Play can be practice for finding a mate.
Male animals often have to compete with one another
to breed. The competition can be fierce, so many young
animals develop important skills through play-fighting.
Nubian ibex kids spring vertically in the
air, jump on each other, and knock heads. These
rounds of "King of the Mountain" may prepare
male billies for the challenges they face in
adulthood. Adult male ibexes compete for a
mate by crashing their long horns into each
other like battering rams.
Your heart will fill with happiness simply by looking at the open and matching dust jacket and book case. The baby elephant splashing through the water, birds flapping to avoid her, is learning to celebrate when goodness is presented. To the left, on the back, along the top three otters slide down a snowy slope. Two are starting on the left and all we see of the third is the back legs and tail on the right. At the bottom center of the image, a fourth otter is staring at readers as if to ask us to join in their sliding.
A dark bird's egg blue covers the opening and closing endpapers. On the initial title page, two baby cheetahs climb over a patient parent. On the verso and title pages a double-page picture features a grassy scene with a pale blue wispy sky. On the right a wolf cub playfully grasps a tail in its mouth.
Lita Judge's paintings span two pages, full pages and smaller three images are grouped on two pages. Lightly brushed backgrounds or white heighten her exquisitely detailed depictions of each of the animals and the settings in which they are placed. She brings readers close to the activities giving us a sense of being in the moment. All the animals are in motion.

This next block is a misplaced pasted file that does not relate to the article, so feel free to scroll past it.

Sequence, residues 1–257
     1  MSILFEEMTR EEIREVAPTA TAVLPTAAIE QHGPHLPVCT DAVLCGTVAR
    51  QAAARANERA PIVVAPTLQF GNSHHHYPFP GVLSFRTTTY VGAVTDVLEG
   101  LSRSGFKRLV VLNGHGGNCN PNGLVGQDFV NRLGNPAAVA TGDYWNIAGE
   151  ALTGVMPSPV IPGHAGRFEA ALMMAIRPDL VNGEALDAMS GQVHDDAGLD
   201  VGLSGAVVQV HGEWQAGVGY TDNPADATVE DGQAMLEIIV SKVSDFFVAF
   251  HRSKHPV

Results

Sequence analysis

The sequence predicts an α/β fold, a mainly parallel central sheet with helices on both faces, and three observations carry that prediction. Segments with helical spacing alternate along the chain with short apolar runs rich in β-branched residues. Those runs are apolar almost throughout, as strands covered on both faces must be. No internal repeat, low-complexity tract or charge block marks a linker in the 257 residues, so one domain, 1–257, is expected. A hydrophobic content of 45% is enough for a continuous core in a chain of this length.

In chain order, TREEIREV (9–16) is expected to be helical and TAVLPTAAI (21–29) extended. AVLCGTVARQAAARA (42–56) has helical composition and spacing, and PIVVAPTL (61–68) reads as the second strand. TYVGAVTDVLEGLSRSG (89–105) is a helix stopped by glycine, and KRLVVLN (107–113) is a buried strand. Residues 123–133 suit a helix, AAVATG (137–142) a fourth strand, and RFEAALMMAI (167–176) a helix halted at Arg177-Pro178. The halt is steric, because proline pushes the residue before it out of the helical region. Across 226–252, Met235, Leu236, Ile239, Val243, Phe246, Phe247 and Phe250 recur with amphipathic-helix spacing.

One of my many, many favorite illustrations is on a single page. It takes place in a snowy setting. Here two red pandas are wrestling. On the left, the one is rolling on the ground, legs and arms moving to keep the other one away. The one on the right is standing upright on its back legs. Its arms are outstretched. It is ready to leap on its playmate. Their faces signal their merriment.
Readers will enjoy every single moment of the information, conversations, and artwork in Play in the Wild: How Baby Animals Like to Have Fun written and illustrated by Lita Judge. It's a delightful new nonfiction book by a gifted person clearly dedicated to presenting the animal world with meticulous care to her readers. At the close of the book are five pages of more information about each of the twenty-seven animals. This is followed by a glossary of twenty-three words in which readers might not be familiar. There is a list of written sources and recommended websites. I highly recommend this for your professional and personal collections. You could pair this title with Play Like An Animal!: Why Critters Splash, Race, Twirl, and Chase by Maria Gianferrari and illustrated by Mia Powell.
To discover more about Lita Judge and her body of work, please follow the link attached to her name to access her website. Lita Judge has accounts on Facebook, Instagram, Twitter, and YouTube. At Macmillan's website you can view multiple interior images.
Even though educator Alyson Beecher is taking a much-deserved hiatus from her blog, Kid Lit Frenzy, please take a few moments to view previous blog posts about the 2020 Nonfiction Picture Book Challenge.